1)    What are the prospects for Aviation Services in Africa?

The prospects for aviation services in Africa are tremendous, and have a wide-reaching impact. Let me give a personal example: A few years ago, I met a small business owner on an Emirates flight from Dubai to Dar Es Salaam. She explained to me that this direct flight transformed her tourism business, giving her a broader client base, possible joint venture partners, access to capital, and connectivity. There are thousands of similar stories across the continent.

Though Africans make up 12% of the world’s population, they only account for 3% of the world’s air travel market. As the number of passengers grows exponentially, Africa’s airports will be even more congested, and desperately in need of investment. Tourists, business travellers, medical and religious travel, import and export cargo all need efficient airport infrastructure. With a 6% annual growth rate expected in Africa, and 40 new airports under construction, the potential upside is tremendous.

2)    Outside your own sector, what is your impression of the business environment in Africa?

There are a lot of opportunities in Africa, and countries are increasingly working to make it easier for companies to invest. A few examples: Five years ago, we incorporated a company in Rwanda in less than 48 hours. I don’t think that level of speediness can be matched in many other countries. Last year, we were awarded a concession in Cote d’Ivoire. The management of the entire tender process, and contract implementation, have been world class.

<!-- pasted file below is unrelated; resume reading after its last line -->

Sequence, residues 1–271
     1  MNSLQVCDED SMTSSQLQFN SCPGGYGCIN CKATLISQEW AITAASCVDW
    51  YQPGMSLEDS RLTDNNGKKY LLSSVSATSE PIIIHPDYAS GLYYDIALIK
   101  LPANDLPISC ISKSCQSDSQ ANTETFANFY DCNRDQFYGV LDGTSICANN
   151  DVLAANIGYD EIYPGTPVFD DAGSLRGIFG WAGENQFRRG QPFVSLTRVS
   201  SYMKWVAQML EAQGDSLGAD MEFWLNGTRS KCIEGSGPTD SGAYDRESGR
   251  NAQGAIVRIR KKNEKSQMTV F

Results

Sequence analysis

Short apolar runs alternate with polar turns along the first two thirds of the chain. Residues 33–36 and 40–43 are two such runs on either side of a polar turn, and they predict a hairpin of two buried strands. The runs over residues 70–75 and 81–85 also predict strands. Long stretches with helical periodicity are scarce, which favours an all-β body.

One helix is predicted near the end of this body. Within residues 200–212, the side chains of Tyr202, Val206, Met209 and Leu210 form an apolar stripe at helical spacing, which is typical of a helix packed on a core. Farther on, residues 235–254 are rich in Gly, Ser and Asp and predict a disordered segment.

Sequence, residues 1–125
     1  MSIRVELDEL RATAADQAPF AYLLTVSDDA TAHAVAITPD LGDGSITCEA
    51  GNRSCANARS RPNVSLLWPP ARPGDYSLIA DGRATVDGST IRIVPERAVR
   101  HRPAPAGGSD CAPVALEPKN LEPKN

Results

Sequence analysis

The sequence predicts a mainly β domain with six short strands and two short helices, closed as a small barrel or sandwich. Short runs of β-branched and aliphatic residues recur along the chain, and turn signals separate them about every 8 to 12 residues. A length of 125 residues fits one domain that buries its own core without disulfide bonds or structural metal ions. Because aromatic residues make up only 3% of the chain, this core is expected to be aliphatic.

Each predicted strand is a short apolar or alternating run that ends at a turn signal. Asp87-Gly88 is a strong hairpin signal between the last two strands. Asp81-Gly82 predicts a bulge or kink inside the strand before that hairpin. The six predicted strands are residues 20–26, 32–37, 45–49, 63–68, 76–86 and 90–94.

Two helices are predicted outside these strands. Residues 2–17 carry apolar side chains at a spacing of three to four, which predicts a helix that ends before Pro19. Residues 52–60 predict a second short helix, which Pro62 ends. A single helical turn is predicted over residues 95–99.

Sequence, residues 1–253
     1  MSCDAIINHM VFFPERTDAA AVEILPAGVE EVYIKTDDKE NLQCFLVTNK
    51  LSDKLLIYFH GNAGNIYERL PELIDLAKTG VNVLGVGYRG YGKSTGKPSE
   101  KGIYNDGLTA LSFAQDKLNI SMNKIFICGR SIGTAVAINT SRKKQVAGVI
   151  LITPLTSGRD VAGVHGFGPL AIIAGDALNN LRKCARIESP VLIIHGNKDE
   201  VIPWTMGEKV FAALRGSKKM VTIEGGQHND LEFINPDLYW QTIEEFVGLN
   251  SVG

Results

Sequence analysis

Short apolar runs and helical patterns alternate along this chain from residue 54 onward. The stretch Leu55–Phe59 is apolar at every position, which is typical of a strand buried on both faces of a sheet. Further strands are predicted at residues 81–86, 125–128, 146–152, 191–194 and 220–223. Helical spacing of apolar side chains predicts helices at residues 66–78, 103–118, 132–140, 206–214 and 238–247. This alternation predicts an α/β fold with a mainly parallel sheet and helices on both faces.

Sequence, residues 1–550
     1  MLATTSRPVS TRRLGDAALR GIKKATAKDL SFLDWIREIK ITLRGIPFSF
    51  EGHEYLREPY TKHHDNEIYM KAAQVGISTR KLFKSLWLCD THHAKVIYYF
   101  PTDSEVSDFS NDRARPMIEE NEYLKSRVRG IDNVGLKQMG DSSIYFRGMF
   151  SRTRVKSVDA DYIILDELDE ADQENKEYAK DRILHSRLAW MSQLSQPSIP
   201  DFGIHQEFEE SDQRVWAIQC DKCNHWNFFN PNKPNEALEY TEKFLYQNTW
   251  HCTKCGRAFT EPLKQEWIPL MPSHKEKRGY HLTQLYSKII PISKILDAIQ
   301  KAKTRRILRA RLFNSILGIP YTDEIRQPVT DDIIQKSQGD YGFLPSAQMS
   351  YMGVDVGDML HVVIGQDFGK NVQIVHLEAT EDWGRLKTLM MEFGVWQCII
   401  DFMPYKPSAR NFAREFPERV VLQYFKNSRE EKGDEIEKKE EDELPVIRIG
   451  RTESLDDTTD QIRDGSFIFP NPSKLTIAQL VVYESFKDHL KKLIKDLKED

There are challenges in business in every region of the world. In Europe, for example, they are struggling for growth. Most of Africa does not have that problem. Their key challenges, in my opinion, are wealth distribution and abuse of power.

3)    What one technological innovation or business model disruption will have the greatest impact on your business in the next four years?

Privatisation. As governments all over the world feel the fiscal stress, and given that airports are a commercially viable component of a country’s infrastructure, more governments will pursue airport privatization. which will change the aviation landscape in Africa.

There are successful models, like Abidjan Airport, which is fully privatised through AERIA. There is also ACSA in South Africa which owns and operates four major airports. Nigeria has ambitious plans to privatize its airports, and the Chinese are funding a major new privately-owned airport in Khartoum.

Africa accounts for only 1% of the world’s airport investments, partly because private investments will most likely go to big airports, and there are only a few dozen of those in Africa. However, airports are a for-profit enterprise, and their privatization is consistent with a dynamic, high growth, competitive air transport sector.

4)    Is Africa ready for the Fourth Industrial Revolution?

Yes, absolutely.

5)    If you could see one thing achieved at the World Economic Forum on Africa, what would it be?

I would like participants to appreciate Africa’s diversity. Africa is made up of 55 countries, and each country is unique in its history, current socio-political standing, and economic trajectory. Blanket statements are often made about Africa, which is the wrong approach, in my opinion..

Africa has the country with the world’s highest proportion of women in government (Rwanda), and the country with the highest maternal and child mortality rate (Chad). It has the world’s largest diamond producer (Botswana), largest cocao producer (Cote d’Ivoire), and yet the lowest GDP per capita (CAR and Malawi). It has the highest birth rate (Niger) and the highest poverty (DRC), yet some of the world’s most environmentally friendly countries (Lesotho). It has some of the world’s fastest growing economies (Ethiopia, DCR, Tanzania, Rwanda, Cote d’Ivoire) and countries with the world’s highest unemployment rate. It has the world’s oldest human settlement (Ethiopia) and the world’s newest country (South Sudan).

Trying to craft a business strategy, solution to a social challenge, or policy based on “Africa” will prove to be extremely challenging. We need to start looking at Africa’s individual countries, versus painting the continent with one broad stroke.